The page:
Top tips is a weekly column where we highlight what’s trending in the tech world today and list out ways to explore these trends. This week, we’re examining four use cases for AI in the ever-growing FinTech sector.

The FinTech sector has transformed the discussion around the financial services industry from top to bottom. It has spearheaded a shift towards more streamlined operations for financial institutions and has also made otherwise troublesome and frustrating processes so much more convenient for the end user.

Since it first burst on to the scene in the early 2000s, the FinTech sector has grown rapidly and has seen a host of innovations over the years. With the global tech landscape being dominated by conversations revolving around AI, it was only a matter of time before it became a talking point in the FinTech sector, as well.

Here are four use cases for AI in the FinTech sector

1. Fraud detection

Fraud is always going to be a major risk faced by financial institutions. Fraudsters are devising increasingly complex and convincing methods of committing fraud, and financial institutions need to ensure they are constantly upgrading their detection mechanisms to keep up with these advancements. 

Various steps have been taken over the years to combat financial fraud. FinTech platforms, for example, enable service providers to monitor transactions and user activity. However, traditional methods of fraud detection are prone to false positives, which may result in the blockage or cancellation of legitimate transactions.

Integrating AI models can enable FinTech platforms to leverage capabilities such as machine learning, predictive analysis, and behavioral and pattern recognition to create more accurate fraud detection measures while also minimizing false positives.

2. Generative-AI-driven customer service

FinTech companies can use generative AI models like GPT-4 to provide customers with conversational customer service. The NLP capabilities of these AI models enable the user to have almost human-like and personalized interactions around the clock with an AI agent. The services provided by these agents can vary depending on the nature of the request: They could help with simple, repetitive incidents or service requests, only escalating to human customer service agents in special circumstances.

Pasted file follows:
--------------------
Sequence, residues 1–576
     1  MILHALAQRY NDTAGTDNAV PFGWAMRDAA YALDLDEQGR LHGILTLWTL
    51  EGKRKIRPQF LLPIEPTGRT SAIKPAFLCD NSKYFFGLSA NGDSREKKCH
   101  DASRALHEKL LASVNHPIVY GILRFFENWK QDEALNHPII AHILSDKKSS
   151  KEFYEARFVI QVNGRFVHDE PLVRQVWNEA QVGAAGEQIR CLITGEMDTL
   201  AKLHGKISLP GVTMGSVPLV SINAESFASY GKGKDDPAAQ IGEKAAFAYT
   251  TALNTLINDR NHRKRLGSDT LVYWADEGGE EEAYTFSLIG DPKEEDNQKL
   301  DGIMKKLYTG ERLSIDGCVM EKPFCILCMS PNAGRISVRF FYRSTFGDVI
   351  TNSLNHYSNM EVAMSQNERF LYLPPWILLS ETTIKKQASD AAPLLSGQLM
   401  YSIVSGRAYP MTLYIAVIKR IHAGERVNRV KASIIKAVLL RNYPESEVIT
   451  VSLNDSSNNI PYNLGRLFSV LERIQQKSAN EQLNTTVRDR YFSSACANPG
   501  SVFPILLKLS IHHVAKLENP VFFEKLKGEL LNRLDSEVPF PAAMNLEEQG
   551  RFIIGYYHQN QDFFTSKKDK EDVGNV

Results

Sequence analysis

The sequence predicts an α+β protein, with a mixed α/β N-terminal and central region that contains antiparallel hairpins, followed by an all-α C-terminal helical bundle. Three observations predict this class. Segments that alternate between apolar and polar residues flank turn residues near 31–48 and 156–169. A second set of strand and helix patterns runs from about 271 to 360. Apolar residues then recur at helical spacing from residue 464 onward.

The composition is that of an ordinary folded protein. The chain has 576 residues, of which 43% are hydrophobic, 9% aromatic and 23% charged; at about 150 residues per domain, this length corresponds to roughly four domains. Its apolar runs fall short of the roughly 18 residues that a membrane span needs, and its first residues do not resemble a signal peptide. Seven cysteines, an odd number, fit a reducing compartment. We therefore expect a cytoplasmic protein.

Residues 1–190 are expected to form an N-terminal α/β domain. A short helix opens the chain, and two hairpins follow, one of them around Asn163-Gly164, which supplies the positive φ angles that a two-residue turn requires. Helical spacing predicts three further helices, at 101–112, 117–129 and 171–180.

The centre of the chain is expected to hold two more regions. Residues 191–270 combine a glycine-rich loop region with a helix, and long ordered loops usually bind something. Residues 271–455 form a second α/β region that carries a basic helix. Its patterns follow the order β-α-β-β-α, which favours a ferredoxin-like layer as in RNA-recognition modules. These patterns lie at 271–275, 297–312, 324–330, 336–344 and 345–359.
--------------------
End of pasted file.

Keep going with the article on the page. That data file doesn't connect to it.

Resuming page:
3. Smart financial recommendations (robo-advisors)

Robo-advisors are a burgeoning AI-driven innovation in FinTech. These advisors are either discrete FinTech platforms of their own or virtual assistants included in other FinTech platforms. Robo-advisors use algorithms to analyze data gathered directly from the user (usually in the form of a survey when setting up their account) and their investment goals and/or historical investment data. This data is then used to provide personalized investment advice and recommendations. These tools can also help with decision-making and be used to improve a user’s financial literacy. 

This AI-driven technology is extremely cost-effective for both the service provider and customer since it can greatly reduce the need for human investment experts, especially in the case of simple, straightforward, and more traditional investment methods like stock trading. These tools can also make use of generative AI to provide more conversational services, as described in the previous point. However, one thing to note about robo-advisors is that they won’t completely replace human investment experts as they aren’t yet equipped to deal with unconventional investments or complex services like estate planning or complicated tax management.

4. Algorithmic trading

Algorithmic trading is an automated, rule-based approach to financial trading. This method of trading involves using highly complex algorithms to automatically execute the best possible trade using the available data, both current and historical (and sometimes even future data gathered from predictive models). A key focus of algorithmic trading is to execute trades at high speeds, much quicker than humanly possible.

Complex AI and machine learning algorithms can also be used to analyze vast datasets relating to financial markets to further streamline this process. These AI models can be used to identify current and future patterns in the market and make accurate predictions, adding another layer of accuracy and reliability to ensure the most efficient execution of the trade possible.

AI integration is the future of FinTech

AI paves the way for FinTech to become more efficient, enabling platforms to provide instant, more personalized and secure service to users, as demonstrated by these use cases.

And following the trends we’re seeing in other sectors, AI promises to further transform the FinTech sector, enabling financial institutions to better prepare themselves for the challenges that lie ahead. We’re only just beginning to scratch the surface of AI’s potential to transform the wider financial services industry as a whole.